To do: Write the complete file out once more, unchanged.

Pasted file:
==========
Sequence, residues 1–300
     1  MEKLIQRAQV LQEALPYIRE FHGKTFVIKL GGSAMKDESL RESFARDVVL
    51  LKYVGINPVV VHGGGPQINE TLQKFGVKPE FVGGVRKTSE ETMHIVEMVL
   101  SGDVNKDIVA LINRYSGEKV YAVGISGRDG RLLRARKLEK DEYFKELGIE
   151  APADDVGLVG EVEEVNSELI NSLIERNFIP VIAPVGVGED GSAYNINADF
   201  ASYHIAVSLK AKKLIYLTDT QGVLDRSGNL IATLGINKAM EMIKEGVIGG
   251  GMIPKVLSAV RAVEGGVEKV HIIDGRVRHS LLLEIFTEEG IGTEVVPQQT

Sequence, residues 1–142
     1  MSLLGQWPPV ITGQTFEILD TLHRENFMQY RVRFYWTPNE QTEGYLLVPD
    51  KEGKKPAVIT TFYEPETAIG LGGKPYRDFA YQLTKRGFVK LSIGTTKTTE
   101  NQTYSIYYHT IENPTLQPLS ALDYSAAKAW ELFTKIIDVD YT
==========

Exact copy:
Sequence, residues 1–300
     1  MEKLIQRAQV LQEALPYIRE FHGKTFVIKL GGSAMKDESL RESFARDVVL
    51  LKYVGINPVV VHGGGPQINE TLQKFGVKPE FVGGVRKTSE ETMHIVEMVL
   101  SGDVNKDIVA LINRYSGEKV YAVGISGRDG RLLRARKLEK DEYFKELGIE
   151  APADDVGLVG EVEEVNSELI NSLIERNFIP VIAPVGVGED GSAYNINADF
   201  ASYHIAVSLK AKKLIYLTDT QGVLDRSGNL IATLGINKAM EMIKEGVIGG
   251  GMIPKVLSAV RAVEGGVEKV HIIDGRVRHS LLLEIFTEEG IGTEVVPQQT

Sequence, residues 1–142
     1  MSLLGQWPPV ITGQTFEILD TLHRENFMQY RVRFYWTPNE QTEGYLLVPD
    51  KEGKKPAVIT TFYEPETAIG LGGKPYRDFA YQLTKRGFVK LSIGTTKTTE
   101  NQTYSIYYHT IENPTLQPLS ALDYSAAKAW ELFTKIIDVD YT